Does this mean that we shouldn’t ask for a miracle? Not at all. Knock, ask, seek. But consider that sometimes our prayers are refused because the request is too small. A greater blessing may just be the reward that follows the disciple who walks by faith and not sight (Jn 20:25-29; 1Pet 1:8-9); who clings to the promise in the absence of fulfillment (Heb 11:6, 13); who sees Jesus by the miracle of new birth and claims that, while wanting to see more, he has seen enough (2Cor 4:6).

Where’s the miracle? (pt 1)

Whether a Christian or not, anyone who has engaged in even a cursory reading of the Bible observes the number of miracles recorded in its pages. Encountering these stories the reader is afforded, it seems to me, three basic responses: belief, disbelief, or disappointment. The first & last of these responses I take to be uniquely Christian. By belief I mean that the reader trusts that a miracle–something that defies natural laws– actually occurred. By disappointment I mean that the reader, believing that such miracles happened, experiences some lack of satisfaction or unfulfilled hope when he concludes that similar occurrences have not happened to/for him.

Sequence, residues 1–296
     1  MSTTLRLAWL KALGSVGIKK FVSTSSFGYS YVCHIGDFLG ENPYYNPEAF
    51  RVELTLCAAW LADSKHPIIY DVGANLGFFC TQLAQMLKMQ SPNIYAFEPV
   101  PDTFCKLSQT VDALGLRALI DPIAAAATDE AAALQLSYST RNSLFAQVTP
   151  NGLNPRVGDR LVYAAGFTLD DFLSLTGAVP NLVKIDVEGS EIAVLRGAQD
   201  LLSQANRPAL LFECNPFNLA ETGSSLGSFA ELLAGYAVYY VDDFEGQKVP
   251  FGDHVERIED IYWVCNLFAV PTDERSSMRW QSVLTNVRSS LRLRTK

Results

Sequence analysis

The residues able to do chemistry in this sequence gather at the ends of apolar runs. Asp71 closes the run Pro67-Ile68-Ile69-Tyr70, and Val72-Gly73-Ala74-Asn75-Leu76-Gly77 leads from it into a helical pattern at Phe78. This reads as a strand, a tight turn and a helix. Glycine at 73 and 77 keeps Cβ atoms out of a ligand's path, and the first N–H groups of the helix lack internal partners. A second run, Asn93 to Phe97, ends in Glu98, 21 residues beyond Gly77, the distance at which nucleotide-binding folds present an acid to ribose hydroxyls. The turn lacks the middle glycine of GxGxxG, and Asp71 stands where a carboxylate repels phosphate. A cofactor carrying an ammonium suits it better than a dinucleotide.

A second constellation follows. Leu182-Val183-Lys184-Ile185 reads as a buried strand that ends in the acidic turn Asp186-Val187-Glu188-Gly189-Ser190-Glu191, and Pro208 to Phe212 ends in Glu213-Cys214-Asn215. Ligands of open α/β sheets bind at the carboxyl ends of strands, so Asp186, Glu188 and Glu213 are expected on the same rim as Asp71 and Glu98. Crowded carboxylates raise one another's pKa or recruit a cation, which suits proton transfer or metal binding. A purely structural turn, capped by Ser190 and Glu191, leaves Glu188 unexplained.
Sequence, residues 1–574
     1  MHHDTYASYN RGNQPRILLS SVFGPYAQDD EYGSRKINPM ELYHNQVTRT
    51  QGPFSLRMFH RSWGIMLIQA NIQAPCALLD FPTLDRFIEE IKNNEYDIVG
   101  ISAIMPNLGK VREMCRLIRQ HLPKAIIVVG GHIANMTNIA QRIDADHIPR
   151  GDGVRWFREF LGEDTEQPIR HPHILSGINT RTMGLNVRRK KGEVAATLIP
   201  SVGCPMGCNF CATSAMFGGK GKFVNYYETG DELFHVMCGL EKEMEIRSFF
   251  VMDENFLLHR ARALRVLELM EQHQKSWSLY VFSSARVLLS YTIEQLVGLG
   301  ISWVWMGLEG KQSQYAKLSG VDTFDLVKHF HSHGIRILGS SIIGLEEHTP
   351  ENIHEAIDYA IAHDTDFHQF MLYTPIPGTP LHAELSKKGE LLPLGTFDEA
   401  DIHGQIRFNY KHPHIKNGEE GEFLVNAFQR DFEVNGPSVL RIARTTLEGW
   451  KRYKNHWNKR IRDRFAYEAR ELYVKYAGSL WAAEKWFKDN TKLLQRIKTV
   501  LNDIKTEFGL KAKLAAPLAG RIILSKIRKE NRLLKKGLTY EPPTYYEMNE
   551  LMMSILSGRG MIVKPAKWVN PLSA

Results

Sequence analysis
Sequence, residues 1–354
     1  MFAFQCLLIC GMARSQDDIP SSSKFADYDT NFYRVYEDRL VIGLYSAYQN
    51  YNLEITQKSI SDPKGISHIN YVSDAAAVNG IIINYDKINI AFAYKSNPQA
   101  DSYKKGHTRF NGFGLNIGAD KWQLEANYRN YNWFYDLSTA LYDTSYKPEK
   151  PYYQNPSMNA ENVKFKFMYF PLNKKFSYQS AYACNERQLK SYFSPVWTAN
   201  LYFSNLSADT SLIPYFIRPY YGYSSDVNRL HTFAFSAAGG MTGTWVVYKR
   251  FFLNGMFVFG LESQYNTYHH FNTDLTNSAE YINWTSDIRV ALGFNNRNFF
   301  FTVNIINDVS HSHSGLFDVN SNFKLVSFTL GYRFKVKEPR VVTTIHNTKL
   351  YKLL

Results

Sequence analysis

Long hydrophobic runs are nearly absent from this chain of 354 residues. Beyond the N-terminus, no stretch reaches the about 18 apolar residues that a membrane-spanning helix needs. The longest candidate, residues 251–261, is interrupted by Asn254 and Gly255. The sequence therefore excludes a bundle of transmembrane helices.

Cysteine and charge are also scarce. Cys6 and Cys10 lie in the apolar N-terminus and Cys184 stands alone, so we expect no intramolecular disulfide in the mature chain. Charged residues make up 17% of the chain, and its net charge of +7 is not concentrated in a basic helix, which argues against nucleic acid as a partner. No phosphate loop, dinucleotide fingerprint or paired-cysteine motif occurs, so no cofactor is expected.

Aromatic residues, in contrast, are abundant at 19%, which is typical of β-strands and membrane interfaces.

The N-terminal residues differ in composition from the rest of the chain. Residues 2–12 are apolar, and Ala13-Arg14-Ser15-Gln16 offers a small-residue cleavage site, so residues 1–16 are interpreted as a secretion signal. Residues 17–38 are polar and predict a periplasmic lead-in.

Almost 10 years ago I was struck with anxiety while attempting to navigate a major life transition. I pleaded with God to heal me. God has graciously granted a measure of restoration but all indications point to the fact that, in my case, the disorder is here to stay. I believe God was (and is) able to remove my illness as He did for others in biblical accounts but I was disappointed to find no complete, miraculous healing.